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Remember how Urban Investment Partners won a Plexy last year for the fastest building buying spree in the city? Well, it continues apace—-the full-service development and property management firm has put the 488-unit, rent-controlled Capitol Park Towers at 3rd and G Street SW under contract. Now, the tenants have launched a bid to buy the building themselves.
The District’s Tenant Opportunity to Purchase Act gives residents the first right of refusal to buy their apartments, once a landlord finds someone they’d like to sell them to. Actually exercising that right is a huge challenge, requiring tremendous unity and energy from a strong tenants association.
The Capitol Park Towers tenants association, a very diverse group with many elderly residents, is at least accustomed to fighting. They’ve been battling the current landlord, American Rental Management Company—-which acquired the building for $38 million in 2002—-over housing conditions and rent increases since 2006. Currently at issue is the judge’s interpretation of a law the Council passed in 2010, which grants a tenant association standing to represent everybody in the building in any given case, without getting each individual to sign on. Three separate tenant petitions have been pending at the slow-as-mud Office of Administrative Hearings for over a year now.
You know it’s serious, because American Rental Management has landlord superlawyer Richard Luchs—-yeah, that guy—-in its corner.
The tenants now have more pressing issues to deal with. Tenants Association president Arlena Chaney says she got a call from a UIP executive on March 11th saying that tenants would be receiving an offer of sale the next day, giving them 30 days to respond with documentation proving that fifty percent plus one of the tenants are interested in purchasing their units. Despite some confusion over delivery of the notices, Chaney says she’s got the numbers she needs, and will be able to file on time.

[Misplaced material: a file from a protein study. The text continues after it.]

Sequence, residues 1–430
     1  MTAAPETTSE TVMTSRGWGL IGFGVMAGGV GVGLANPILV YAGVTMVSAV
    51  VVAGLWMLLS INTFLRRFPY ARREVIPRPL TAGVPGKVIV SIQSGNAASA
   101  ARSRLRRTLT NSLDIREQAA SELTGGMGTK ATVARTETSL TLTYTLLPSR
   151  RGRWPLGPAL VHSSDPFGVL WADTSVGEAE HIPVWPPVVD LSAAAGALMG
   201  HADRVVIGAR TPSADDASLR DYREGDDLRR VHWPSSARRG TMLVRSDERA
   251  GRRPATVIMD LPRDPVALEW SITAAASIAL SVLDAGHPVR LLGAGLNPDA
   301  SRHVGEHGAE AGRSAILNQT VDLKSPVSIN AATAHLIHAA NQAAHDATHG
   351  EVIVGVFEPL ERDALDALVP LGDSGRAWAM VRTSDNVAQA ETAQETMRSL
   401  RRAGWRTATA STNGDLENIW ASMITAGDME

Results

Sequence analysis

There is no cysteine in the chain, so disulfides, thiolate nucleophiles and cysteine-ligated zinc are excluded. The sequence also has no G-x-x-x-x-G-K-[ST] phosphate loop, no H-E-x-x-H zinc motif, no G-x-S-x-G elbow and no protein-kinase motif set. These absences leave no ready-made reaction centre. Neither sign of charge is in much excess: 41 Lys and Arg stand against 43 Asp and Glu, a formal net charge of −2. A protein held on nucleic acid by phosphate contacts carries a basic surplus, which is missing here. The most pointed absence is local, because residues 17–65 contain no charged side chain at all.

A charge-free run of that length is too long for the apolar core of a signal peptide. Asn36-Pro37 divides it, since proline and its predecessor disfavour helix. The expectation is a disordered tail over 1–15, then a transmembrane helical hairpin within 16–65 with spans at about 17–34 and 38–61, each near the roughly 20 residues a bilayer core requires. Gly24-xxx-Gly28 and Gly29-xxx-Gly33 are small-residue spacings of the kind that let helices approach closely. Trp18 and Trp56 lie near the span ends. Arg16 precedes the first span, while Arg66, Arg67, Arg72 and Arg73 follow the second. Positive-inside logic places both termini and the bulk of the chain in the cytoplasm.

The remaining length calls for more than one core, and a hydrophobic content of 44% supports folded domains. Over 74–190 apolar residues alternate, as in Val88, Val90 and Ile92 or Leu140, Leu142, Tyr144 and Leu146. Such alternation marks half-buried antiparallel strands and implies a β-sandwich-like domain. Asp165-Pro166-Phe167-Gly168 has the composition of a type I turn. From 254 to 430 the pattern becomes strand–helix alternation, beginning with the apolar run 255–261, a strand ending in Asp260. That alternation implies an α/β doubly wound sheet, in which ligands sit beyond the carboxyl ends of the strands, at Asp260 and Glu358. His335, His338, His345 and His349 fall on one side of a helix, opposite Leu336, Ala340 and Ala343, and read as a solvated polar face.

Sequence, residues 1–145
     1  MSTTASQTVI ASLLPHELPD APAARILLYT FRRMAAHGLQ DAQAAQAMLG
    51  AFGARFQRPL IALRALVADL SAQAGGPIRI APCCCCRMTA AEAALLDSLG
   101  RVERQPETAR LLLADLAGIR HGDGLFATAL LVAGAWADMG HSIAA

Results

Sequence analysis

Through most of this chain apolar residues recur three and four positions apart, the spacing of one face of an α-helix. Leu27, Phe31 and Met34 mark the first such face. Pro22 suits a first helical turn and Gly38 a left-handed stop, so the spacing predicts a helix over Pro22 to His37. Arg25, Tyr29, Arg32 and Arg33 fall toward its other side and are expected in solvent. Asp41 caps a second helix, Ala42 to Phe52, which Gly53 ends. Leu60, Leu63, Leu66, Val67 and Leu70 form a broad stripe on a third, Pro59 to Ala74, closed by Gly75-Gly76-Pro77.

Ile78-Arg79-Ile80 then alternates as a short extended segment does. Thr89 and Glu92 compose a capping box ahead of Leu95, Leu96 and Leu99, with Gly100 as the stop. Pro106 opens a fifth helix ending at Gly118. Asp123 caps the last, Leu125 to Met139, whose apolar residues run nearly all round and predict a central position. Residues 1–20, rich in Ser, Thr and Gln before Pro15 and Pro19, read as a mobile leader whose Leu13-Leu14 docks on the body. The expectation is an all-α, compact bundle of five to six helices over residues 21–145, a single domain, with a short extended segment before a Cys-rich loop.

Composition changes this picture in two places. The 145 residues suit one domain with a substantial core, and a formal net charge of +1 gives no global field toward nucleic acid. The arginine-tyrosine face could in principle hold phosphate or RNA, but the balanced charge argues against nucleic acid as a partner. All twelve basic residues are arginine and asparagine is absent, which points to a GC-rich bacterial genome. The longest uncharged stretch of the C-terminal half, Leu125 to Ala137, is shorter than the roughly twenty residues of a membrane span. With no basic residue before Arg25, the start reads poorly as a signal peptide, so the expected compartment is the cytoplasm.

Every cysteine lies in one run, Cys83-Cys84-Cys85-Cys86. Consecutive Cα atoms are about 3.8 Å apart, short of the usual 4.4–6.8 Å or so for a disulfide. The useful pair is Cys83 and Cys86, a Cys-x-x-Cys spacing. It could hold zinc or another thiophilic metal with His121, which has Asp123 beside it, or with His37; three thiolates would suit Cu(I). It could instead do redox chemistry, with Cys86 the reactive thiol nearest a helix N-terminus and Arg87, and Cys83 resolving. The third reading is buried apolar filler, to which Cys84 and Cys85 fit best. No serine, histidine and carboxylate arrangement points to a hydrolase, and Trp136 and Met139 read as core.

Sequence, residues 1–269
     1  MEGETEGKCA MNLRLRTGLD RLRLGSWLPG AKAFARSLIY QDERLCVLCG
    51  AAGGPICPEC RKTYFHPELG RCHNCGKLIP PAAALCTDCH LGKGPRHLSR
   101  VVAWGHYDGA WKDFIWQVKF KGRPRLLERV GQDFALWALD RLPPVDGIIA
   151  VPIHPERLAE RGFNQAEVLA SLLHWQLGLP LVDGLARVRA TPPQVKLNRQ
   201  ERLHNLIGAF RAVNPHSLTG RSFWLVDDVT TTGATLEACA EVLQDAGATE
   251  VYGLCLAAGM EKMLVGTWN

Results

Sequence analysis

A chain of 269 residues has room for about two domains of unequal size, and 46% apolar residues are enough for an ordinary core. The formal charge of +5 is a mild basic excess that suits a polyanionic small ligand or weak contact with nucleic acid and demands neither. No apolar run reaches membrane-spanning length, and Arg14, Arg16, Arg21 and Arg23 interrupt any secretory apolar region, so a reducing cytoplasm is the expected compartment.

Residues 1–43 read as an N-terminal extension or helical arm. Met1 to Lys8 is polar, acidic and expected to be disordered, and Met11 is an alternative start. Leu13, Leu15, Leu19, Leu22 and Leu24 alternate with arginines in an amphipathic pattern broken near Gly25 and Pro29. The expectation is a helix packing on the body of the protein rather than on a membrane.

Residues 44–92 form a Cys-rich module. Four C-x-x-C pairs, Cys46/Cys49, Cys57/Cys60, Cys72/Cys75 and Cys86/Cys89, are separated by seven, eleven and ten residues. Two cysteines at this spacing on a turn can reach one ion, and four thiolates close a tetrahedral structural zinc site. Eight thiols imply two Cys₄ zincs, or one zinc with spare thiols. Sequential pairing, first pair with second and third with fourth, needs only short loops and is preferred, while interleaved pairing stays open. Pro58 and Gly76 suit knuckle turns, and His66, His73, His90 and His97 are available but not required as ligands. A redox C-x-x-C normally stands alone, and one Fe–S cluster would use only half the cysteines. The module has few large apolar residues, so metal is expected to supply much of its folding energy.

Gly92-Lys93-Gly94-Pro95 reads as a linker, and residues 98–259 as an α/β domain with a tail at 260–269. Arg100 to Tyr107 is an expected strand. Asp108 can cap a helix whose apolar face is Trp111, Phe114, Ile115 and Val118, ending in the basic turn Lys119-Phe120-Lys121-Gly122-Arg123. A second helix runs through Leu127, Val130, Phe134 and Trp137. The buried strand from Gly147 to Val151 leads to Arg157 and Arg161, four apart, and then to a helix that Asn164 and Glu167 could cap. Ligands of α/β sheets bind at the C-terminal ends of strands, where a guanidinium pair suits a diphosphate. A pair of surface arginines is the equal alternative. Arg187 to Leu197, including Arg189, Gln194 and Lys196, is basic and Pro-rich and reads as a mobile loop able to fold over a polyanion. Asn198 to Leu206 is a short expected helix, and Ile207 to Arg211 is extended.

She’s by no means in the clear, though. Getting enough low-to-middle income tenants to go forward with purchasing their apartments as condos is a tricky thing, especially when financing is hard to come by. The Housing Production Trust Fund, the city’s pot of money set aside for assisting tenants in this situation, has recovered substantially from its recent low—-but is still over-subscribed with a long list of other projects.
Meanwhile, UIP already has a website up for tenants to register their information, and has been sending postcards making all sorts of promises: That they will keep the building as apartments, not raise rents more than is allowed by law, and make lots of improvements to the units and common areas (generally in the interest of charging higher rents for apartments that tenants voluntarily vacate). One of the lists reads:
1. Will UIP increase my rent? NO*
2. Do I have to move out? NO
3. If I want to move out, will UIP pay me? YES
4. If items in my apartment need repair, will UIP fix them? YES
5. Will UIP replace broken appliances? YES
6. Will UIP improve the heating and air conditioning? YES
7. Will my rent increase because of these improvements? NO
8. Will UIP put everything that we agree to in writing and let our attorney review or write the agreement? YES
9: Has UIP done this before? YES, UIP has more experience working with residents and tenant associations in DC than anyone else.
10. Does UIP own the management company? YES
* We will not increase rents to existing residents due to improvements made. Your rent will only increase per DC Rent Control Law; CPI + 2% (CPI only for Elderly and Disabled Tenants)
UIP’s charm offensive is based on experience: Having your building change hands is a scary event, and an unhappy tenants association can be a time-consuming and expensive thing to deal with. “When a building is sold, rumors are distributed to frighten or coerce residents into taking some form of action,” wrote UIP principal Steve Schwat in a letter to tenants.
The warning is well-founded—-at least in the sense that information gets around. On Saturday, the tenants met with Marbury Plaza tenants association president * April Goggans, who is none too happy with the job UIP and the city did in her complex on Good Hope Road SE. She provided an overview of everything they’d gone through, first in an attempt to buy the building—-which foundered in the economic collapse—-and then a successful settlement that required certain improvements be made. Over a year later, things had improved, but she says a lot still remains to be done.
When she read the postcard that had been sent to the Capitol Park Towers tenants, Goggans said, “we couldn’t stop laughing.”
* CLARIFICATION, April 15: According to the Marbury Plaza tenants association bylaws, Goggans technically could no longer be president after she was evicted for non-payment of rent in January, but she has been allowed to serve out her term in absentia.